“Overall, approximately 67 percent of total energy input is lost in conversion; of electricity generated, approximately 5 percent is lost in plant use and 9 percent is lost in transmission and distribution.”

    Most of the electrical losses are in conversion from coal to steam to mechanical energy to electrical energy.

    I’m not a fan of electrical vehicles, because if you plug your car into the grid, every watt of power you charge your battery with, your burning 3 watts of coal. There are also losses converting electrical energy into chemical energy (battery) and then back into electrical energy to mechanical energy. We’d be much better off with coal burning cars. ( Maybe cracking coal into some type of fuel is a better answer, but I don’t know how expensive (energy wise) it is. The best solution is to drive less and use public transport which is more efficient.

    Now if everyone has solar panels to charge their cars that would be another story, but we would have to recharge at work, since that’s where our cars are parked during the day.

    From what I have read there are actually two type of power plants out there; large constant power plant that “cmadler” talked about, usually burning coal or nuclear, and smaller fast reacting plants that burn natural gas. These fast reacting plant can be brought online quickly for spike demand. Power plants have a *lot* of historical energy usage data to plan their day by, so they can bring up and turn down the large power plants petty accurately. I imagine they start spinning up the plants early in the morning and start turn them down as people head off to bed.

    You can find a typical daily energy consumption chart here:
    From what I have read, the typical home uses 3 to 4 times as much power during the day then at night. Any solar/wind generation would make this day time usage smaller and actually make the power demand for the utility easier to supply.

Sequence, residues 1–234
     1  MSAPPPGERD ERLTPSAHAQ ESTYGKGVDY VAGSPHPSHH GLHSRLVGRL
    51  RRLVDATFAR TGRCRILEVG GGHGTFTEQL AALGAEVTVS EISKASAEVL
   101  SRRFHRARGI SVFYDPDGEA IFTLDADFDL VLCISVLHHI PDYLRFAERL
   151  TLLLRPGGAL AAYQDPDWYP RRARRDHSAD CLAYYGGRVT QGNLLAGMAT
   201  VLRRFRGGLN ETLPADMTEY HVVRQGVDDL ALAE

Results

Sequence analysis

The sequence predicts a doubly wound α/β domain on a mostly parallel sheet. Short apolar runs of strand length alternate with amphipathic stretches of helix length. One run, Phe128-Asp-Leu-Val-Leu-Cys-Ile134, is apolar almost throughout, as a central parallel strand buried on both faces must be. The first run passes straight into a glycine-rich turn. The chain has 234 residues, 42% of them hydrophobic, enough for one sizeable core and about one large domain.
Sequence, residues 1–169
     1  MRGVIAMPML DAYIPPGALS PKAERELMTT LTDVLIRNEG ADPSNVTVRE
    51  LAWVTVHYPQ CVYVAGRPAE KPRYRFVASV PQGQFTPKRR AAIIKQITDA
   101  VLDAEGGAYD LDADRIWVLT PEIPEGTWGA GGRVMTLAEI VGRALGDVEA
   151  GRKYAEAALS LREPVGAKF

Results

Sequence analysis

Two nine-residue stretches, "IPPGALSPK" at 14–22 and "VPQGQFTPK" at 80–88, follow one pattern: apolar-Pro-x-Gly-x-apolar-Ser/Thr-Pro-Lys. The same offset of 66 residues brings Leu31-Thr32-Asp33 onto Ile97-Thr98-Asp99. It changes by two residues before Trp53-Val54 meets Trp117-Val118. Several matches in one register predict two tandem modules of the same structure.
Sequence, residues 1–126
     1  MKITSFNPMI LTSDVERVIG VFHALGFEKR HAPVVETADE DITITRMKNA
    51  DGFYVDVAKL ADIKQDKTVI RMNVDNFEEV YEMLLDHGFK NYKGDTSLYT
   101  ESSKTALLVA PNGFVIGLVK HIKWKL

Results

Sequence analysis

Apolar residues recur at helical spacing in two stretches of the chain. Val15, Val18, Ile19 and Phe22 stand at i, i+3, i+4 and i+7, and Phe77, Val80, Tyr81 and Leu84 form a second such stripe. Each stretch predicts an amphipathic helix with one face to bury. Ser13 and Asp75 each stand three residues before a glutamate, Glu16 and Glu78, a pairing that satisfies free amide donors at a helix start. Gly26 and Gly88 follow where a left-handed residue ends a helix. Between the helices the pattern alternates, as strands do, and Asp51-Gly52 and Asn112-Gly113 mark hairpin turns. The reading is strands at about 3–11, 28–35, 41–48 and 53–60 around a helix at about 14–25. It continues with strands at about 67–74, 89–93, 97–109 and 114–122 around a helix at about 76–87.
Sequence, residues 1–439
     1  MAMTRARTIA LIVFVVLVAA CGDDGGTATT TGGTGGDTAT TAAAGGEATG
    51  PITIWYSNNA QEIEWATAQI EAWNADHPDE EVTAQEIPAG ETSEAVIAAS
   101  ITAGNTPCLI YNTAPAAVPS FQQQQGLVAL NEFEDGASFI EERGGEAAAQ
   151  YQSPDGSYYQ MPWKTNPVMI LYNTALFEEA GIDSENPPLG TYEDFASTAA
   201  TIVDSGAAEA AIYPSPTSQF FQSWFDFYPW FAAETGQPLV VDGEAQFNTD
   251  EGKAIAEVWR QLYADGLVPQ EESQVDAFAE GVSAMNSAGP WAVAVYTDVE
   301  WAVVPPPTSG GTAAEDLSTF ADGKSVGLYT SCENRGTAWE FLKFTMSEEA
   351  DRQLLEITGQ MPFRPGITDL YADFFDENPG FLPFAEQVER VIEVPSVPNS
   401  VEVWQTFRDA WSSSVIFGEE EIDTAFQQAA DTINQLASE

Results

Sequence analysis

Think about it this way. When do we have black outs and brown outs? It’s when we have a hot/sunny day and everyone is using their air conditioning. Well if we coupled solar panels with every air conditioning unit, when the AC is wanting the most power the solar panels will be at it peak production and the grid would be under much less stress.

    Solar is not the 100% answer, just one part of the solution.

    So let’s talk about solar on a large scale. First, we’ll gain 9% more power since there is no transmission losses. Next, today we’re making 0.07%, we’d have to install a ton of solar panels before we need to worry about throwing the grid out of balance. Yes if our electrical grid is say 20% solar (or wind) then we have to think about how continuous the energy will be, but I think we can handle it. Natural gas power plants can come online very quickly to make up for any short term losses due to clouds. We also do a great job about predicting weather, so I’m sure the power plant would have some lead time. If we see clouds in Grand Rapids, it might be a good time to crank up the power plants in Detroit. Clouds don’t pop out of nowhere they travel from west to east with quite a bit of predictability.

    I have also read “A Solar Grand Plan” in Scientific American Magazine. They talk about regional energy storage. Excess solar/wind power is stored underground as compressed gas, then drive turbines when needed. Today Ludington Michigan stores energy during the night by pumping water into a reservoir.

    So in the short term we’re such a tiny fraction we don’t have to worry about it. In the long term we need to have some gas fired plants or regional energy storage to smooth out renewable energy.

  9. Posted December 23, 2008 at 9:30 am | Permalink

    This is always one of my favorite arguments for looking at energy efficiency over alternative power generation.

    It takes 3 watts of solar generating capacity to replace 3 watts of coal generating capacity – but it only takes 1 watt of end-user efficiency improvements (“negawatts”) to replace those 3 watts of coal. (If you follow things upstream, to the mining and transportation of the coal, for example, you find even more savings cascading in from efficiency.)

    Similarly, if you build a community so that people can get to work by walking, biking, or taking the bus, the upstream energy savings from just not producing and pushing the oil around are much bigger than you’d get from converting those people’s cars to electric vehicles.

    On the other hand, energy efficiency is a lot more boring than solar panels and electric cars. It’s so…practical.